Moreover, the new technocratic rulers of Greece and Italy and their bean-counting German advisors will be hard put to cope politically with rebellious populations who will see themselves as debt-slaves to the creditor German banks. Some Greek protesters have even carried blue European Union flags with yellow swastikas in the middle and compare the debt deals to the occupation of Greece during World War II. It would take a showman like Berlusconi or a populist like Papandreou to continue to bamboozle the masses into acquiescence, and now they are gone.
Dangers and Opportunities
In this new situation in Greece and Italy, one can expect a rise of national resentments as well as splits within the national bourgeoisie between pro-Europeans (finance capital) and local business interests (like tourism, retail, and export industries) who may align with the working classes. Such an alliance might demand an exit from the Eurozone, so as to liquidate their debt through default (as was successfully done by Argentina), devalue their currencies, and become competitive again. On the other hand, as the world economic crisis deepens, the dangers of far-right nationalism may increase in Europe’s debtor countries, leading even to fascism, as they did during the Great Depression.
Yet despite this striking historical parallel, today’s global political context is vastly different. During the 20th Century, Soviet Russia was perceived as a revolutionary threat, and so the capitalist democracies tolerated and encouraged the violent anti-Communist movements of Mussolini and Hitler until it was too late to stop them. At the same time Stalin, who cynically manipulated the European Left in the interests of Russia foreign policy through the Communist International’s control of local Communist Parties, divided and demoralized Europe’s working classes, opening the gates to fascism. In the 21st Century, the masses have no such divisive illusions about ‘revolutionary parties’ and ‘socialist fatherlands.’ In today’s globalized multi-polar world, the workers in every country, from Greece to ‘Communist’ China, are confronting the same neo-liberal ruling class attacks and fighting back through strikes and occupations.
So if national resentment doesn’t turn into chauvinism and if the 99% -ers remain independent of their national-bourgeois allies, recent developments may open up new prospects for struggle. The key factor will be internationalism. Only if the Greek and Italian working classes are able to unite (and draw in the Spanish, Irish and other European workers) will they escape from debt-peonage to the German-dominated European banks while avoiding the dangers of nationalism on the Right.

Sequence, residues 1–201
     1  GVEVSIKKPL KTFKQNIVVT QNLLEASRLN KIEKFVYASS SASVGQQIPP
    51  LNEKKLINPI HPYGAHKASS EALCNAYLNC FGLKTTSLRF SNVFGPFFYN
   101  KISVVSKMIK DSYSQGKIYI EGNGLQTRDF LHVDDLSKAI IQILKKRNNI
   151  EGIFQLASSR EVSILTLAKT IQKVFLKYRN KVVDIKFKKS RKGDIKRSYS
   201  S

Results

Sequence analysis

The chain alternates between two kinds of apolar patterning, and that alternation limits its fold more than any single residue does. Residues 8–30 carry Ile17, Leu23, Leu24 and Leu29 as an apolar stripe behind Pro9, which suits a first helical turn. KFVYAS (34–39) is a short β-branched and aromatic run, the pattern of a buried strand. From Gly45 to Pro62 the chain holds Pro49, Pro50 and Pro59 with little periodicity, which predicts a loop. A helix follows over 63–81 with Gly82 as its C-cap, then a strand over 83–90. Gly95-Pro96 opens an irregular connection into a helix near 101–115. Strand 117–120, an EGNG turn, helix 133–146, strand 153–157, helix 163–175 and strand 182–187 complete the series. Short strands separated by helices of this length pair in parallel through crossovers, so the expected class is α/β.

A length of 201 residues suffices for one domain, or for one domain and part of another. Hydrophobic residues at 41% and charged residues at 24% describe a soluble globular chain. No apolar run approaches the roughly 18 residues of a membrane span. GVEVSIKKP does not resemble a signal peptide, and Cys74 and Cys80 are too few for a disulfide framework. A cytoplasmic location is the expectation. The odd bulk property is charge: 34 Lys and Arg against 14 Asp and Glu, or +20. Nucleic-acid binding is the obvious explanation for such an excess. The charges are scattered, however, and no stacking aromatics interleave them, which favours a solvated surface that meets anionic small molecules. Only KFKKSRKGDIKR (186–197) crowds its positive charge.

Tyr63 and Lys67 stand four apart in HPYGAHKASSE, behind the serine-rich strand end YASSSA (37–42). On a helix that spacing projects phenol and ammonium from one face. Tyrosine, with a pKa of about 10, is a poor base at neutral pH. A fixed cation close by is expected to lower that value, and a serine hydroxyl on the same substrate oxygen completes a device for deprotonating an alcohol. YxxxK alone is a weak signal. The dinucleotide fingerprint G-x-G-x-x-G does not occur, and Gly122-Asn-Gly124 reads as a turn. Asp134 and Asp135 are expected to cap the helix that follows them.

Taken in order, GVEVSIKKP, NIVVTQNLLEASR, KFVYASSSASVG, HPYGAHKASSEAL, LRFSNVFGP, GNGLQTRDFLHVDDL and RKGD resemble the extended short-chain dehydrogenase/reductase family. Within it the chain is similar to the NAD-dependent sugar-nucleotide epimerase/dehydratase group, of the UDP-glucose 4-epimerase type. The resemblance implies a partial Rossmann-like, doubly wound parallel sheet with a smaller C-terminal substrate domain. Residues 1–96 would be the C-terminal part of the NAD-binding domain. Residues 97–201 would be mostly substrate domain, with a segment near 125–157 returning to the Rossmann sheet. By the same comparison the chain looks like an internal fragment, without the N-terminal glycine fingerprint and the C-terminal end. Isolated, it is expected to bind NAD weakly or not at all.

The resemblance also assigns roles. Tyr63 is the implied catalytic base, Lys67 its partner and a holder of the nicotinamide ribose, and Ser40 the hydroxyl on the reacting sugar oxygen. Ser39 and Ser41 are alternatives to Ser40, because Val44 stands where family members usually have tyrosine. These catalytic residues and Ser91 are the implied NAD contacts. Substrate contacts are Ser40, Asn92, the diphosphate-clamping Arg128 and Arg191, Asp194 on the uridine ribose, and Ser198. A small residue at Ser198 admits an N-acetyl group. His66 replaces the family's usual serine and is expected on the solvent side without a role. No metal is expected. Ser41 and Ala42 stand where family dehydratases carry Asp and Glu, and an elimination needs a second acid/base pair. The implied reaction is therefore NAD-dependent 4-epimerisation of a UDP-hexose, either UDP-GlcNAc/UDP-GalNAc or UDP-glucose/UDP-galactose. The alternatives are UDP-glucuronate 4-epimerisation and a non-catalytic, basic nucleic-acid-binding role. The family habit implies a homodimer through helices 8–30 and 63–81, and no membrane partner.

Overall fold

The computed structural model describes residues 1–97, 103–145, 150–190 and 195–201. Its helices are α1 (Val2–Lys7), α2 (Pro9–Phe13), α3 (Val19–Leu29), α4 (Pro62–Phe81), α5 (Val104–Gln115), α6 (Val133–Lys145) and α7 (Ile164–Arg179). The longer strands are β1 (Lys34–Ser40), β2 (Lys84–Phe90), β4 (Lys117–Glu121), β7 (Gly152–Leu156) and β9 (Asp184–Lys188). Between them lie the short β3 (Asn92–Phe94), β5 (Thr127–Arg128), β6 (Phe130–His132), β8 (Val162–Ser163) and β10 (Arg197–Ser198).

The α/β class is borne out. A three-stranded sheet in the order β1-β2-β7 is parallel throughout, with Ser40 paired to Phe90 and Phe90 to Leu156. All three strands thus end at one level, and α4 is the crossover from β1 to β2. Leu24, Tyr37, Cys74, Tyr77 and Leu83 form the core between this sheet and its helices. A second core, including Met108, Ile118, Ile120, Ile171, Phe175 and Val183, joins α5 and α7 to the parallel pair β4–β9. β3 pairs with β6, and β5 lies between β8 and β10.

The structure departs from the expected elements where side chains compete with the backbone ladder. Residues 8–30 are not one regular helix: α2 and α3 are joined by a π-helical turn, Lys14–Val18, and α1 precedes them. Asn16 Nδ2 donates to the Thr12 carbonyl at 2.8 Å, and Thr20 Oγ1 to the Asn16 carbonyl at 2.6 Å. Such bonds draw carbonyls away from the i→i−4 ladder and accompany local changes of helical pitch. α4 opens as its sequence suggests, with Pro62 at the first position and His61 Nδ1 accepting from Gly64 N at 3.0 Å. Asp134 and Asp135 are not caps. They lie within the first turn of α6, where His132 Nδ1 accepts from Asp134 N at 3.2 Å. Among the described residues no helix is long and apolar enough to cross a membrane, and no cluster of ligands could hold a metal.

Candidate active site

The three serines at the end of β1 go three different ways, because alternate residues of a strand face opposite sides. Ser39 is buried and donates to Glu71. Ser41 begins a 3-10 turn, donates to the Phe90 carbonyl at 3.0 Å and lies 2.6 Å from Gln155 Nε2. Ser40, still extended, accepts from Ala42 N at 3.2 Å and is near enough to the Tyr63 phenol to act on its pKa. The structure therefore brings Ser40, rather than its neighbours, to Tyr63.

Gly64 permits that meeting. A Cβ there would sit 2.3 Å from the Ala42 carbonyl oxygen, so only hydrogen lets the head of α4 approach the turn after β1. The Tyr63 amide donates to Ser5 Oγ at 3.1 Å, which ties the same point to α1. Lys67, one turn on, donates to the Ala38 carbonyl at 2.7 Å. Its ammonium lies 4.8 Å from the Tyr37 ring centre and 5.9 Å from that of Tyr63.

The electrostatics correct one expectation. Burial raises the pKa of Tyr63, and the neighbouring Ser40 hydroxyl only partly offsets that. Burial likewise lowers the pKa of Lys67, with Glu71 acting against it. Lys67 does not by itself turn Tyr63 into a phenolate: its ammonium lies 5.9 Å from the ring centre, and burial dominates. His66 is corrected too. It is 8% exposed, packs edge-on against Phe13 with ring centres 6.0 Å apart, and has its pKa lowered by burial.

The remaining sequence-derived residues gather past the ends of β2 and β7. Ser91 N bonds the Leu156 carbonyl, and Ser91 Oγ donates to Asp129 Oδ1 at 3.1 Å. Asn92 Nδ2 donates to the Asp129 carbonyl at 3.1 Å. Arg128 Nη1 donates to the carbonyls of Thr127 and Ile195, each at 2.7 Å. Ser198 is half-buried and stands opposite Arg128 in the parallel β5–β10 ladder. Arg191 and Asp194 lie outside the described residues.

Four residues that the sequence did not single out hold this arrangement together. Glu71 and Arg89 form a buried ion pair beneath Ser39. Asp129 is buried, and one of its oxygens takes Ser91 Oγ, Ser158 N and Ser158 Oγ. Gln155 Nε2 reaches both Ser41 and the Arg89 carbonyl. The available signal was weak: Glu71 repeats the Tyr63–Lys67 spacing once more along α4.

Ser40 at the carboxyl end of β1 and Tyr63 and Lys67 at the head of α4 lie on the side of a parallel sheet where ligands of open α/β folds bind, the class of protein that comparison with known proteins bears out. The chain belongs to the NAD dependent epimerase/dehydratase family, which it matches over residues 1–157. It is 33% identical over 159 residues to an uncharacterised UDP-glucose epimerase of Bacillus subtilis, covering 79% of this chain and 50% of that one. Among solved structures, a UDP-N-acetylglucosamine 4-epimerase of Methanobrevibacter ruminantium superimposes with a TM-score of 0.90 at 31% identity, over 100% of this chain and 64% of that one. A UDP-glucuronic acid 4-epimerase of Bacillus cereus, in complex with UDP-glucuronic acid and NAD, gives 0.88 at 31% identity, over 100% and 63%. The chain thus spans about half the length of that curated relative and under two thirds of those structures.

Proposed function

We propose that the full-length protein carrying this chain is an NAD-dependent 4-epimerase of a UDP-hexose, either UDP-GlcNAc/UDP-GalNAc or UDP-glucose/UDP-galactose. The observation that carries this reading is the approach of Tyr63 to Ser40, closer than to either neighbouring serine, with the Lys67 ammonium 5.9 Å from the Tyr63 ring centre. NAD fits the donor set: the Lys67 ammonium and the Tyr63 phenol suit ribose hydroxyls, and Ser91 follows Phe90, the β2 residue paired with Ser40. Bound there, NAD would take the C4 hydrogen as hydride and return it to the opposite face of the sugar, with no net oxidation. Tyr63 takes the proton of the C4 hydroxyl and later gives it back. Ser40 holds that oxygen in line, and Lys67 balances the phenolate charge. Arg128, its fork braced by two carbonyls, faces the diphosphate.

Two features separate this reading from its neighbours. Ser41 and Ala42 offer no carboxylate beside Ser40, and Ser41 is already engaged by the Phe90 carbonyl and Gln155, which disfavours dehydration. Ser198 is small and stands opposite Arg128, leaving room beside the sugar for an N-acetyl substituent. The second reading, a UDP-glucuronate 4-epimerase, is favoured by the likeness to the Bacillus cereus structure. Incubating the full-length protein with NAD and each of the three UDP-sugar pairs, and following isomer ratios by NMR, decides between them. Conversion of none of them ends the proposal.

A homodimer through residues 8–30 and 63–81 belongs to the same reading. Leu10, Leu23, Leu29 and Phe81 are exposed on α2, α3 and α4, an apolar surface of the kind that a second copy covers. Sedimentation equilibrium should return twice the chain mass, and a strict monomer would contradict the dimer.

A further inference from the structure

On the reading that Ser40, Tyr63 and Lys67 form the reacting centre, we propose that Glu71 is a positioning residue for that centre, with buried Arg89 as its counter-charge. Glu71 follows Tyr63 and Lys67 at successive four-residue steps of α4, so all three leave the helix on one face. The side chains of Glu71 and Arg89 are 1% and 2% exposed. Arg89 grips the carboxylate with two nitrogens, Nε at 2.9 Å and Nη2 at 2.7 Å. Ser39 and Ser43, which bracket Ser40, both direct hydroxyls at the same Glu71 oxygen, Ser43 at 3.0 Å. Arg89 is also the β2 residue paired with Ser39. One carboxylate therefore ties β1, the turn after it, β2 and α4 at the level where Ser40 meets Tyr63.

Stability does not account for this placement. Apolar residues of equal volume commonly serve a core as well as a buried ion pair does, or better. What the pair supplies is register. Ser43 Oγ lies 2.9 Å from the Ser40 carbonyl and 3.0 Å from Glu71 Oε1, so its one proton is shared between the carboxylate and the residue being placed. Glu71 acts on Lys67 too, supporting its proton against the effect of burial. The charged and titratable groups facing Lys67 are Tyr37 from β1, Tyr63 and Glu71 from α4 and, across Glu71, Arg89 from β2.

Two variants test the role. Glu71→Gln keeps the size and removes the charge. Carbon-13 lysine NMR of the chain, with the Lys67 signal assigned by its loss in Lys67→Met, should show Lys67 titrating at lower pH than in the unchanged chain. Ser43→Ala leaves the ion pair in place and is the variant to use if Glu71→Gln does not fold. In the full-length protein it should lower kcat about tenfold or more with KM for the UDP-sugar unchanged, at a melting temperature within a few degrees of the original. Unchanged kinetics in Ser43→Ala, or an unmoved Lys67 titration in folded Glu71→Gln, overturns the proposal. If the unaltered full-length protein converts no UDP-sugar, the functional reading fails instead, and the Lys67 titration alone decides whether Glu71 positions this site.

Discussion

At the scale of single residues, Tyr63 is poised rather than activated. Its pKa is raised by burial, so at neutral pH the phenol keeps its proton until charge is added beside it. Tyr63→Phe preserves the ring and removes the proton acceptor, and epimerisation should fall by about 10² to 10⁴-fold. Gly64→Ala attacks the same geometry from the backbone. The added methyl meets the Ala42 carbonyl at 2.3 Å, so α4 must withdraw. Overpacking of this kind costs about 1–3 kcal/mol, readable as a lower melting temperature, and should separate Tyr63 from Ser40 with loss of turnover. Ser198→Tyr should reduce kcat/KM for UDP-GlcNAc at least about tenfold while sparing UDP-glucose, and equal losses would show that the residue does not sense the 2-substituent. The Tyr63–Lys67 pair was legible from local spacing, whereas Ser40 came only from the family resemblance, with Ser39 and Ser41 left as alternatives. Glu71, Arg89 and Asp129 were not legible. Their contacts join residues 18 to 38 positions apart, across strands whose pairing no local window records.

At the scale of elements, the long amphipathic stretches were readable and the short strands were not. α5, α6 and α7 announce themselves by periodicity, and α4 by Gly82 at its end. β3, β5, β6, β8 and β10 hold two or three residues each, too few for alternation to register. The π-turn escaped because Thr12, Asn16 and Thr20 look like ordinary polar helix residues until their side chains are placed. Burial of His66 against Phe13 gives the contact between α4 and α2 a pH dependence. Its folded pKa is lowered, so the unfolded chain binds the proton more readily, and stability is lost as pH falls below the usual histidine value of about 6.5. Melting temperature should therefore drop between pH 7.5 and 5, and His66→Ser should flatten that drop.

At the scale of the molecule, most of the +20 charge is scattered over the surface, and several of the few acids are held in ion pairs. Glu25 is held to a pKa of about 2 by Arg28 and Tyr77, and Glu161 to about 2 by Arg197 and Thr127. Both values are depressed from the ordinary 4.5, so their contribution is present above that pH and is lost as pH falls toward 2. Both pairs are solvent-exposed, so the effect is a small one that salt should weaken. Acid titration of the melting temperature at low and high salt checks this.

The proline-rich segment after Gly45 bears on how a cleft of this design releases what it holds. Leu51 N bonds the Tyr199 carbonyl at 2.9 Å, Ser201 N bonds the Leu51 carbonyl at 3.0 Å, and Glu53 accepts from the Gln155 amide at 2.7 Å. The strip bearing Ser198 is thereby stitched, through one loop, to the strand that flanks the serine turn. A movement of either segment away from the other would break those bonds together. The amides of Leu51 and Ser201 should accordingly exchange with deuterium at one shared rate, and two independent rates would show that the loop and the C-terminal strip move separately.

Up to now, the established European labor unions and the Left parties (Communists and Socialists) have succeeded in confining class conflicts within their national borders, while at the same time limiting resistance to ritual one-day ‘general strikes,’ and channeling discontent into local and national elections. (Of course elections are now superfluous under appointed receivership governments responsible to a European super-government.) Nonetheless, the entrenched, class-collaborationist national labor unions and ‘Left’ parties—although rejected wholesale by Greek youth and the Spanish indignados—still have a powerful influence in Italy and France. If more spontaneous, self-organized, horizontal movements like the Arab Spring, the indignados, and the international ‘Occupy Everything’ movement spread into Old Europe (including into Germany), the straightjacket hold of the official Left on European social movements may be broken, releasing new energies and the creation of international solidarity among the 99%.
This international solidarity will be needed when the next financial bubble bursts—as it inevitably will—and turns the Great Recession (from which only the 1% have ‘recovered’) into a globalized Second Great Depression. We live in heady times, rife with dangers and rich in possibilities.
Montpellier, Nov. 16, 2011
1. Similarly, U.S. and British imperialism cynically encouraged Islamism in the Arab world as a foil for socialism and secular nationalism, while arming the likes of Osama bin Laden against the Russians—only to be overwhelmed by ‘blow-back.’
2. In 1932, the Comintern ordered the German CP to support the Nazi’s against the Social-democrats under the slogan ‘After Hitler Us!’ In 1936, when Stalin made his alliance with the Western capitalist democracies, the Comintern created the class-collaborationist ‘Popular Front Against Fascism.’ The French CP/CGT called off the revolutionary June 1936 nationwide factory occupations in order to placate Stalin’s bourgeois allies. In 1937 in Civil War Spain, the Communists, allied with the Liberals, brutally suppressed the more radical socialist, anarchist and syndicalist workers’ and peasants' movements who bore the brunt of the fight against Franco, thus provoking the defeat of the Republic. In 1939, Stalin signed his infamous pact with Hitler, and the Communist Parties changed their ‘line’ from ‘anti-fascism’ to pacifism, politically disarming the French working people in the face of the 1940 German invasion and occupation.